01 Feb

Complex Mass at Right Lung Base

Complex Mass at Right Lung BaseA 43-year-old nonsmoking man was admitted for evaluation of two masses at the right lung base. A mass was first noted on a routine chest radiograph 14 years previously (Fig 1). The patient underwent bronchoscopic examination at that time, which was reported as unremarkable. In view of the patients age and lack of symptoms, it was decided to follow the lesion with annual chest radiographs. The right lower lobe mass remained stable in size and appearance for nine years. avandia online Continue Reading »

30 Jan

Pneumocephalus Associated with Nasal Continuous Positive Airway Pressure in a Patient with Sleep Apnea Syndrome: Discussion

Pneumocephalus Associated with Nasal Continuous Positive Airway Pressure in a Patient with Sleep Apnea Syndrome: DiscussionPneumocephalus has been reported to occur as a complication of mask-CPAP or manually operated oxygen powered resuscitator applied via face mask in head trauma victims, and in a young previously healthy male scuba diver while ascending to the water surface. Air within the cranium usually implies a connection with the atmosphere, directly or via air containing structures. Positive pressure in the upper airway achieved with nasal CPAP is assumed to have forced air into the skull through a weak spot in the cranial structure, most likely the cribriform plate. Congenital fistulas across the cribriform plate are often implicated in spontaneous CSF leaks that occur typically in adult women. website Continue Reading »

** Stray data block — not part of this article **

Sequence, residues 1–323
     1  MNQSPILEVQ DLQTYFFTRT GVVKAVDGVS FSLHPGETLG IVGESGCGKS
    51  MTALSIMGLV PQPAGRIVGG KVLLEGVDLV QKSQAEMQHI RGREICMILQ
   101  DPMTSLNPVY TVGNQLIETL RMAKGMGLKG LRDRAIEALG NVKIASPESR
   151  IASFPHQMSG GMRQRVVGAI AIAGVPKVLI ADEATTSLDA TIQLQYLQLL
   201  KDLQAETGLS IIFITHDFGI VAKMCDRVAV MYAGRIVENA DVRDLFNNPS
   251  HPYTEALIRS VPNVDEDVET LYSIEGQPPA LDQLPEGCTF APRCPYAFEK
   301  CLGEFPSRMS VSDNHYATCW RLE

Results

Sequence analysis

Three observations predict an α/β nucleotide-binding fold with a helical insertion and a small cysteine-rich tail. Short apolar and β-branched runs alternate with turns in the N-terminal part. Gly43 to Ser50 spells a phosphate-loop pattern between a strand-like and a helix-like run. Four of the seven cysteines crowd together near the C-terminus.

29 Jan

Pneumocephalus Associated with Nasal Continuous Positive Airway Pressure in a Patient with Sleep Apnea Syndrome: Case Report

Polysomnography revealed severe obstructive sleep apnea syndrome with apnea/hypopnea index of 63 episodes per hour of sleep and severe oxygen desaturation. Sleep pattern was marked by virtual absence of stages 3 and 4 of NREM sleep, and numerous brief awakenings associated with the abnormal respiratory events. A repeat polysomnography study was done on nasal CPAP, which demonstrated its efficacy in resolving obstructive apneas at pressure level of 12.5 cm H*0, with dramatic improvement in sleep pattern; however, persistence of significant 02 desaturation (80 percent) required the addition of a continuous flow of oxygen at 1 L/min. Continue Reading »

28 Jan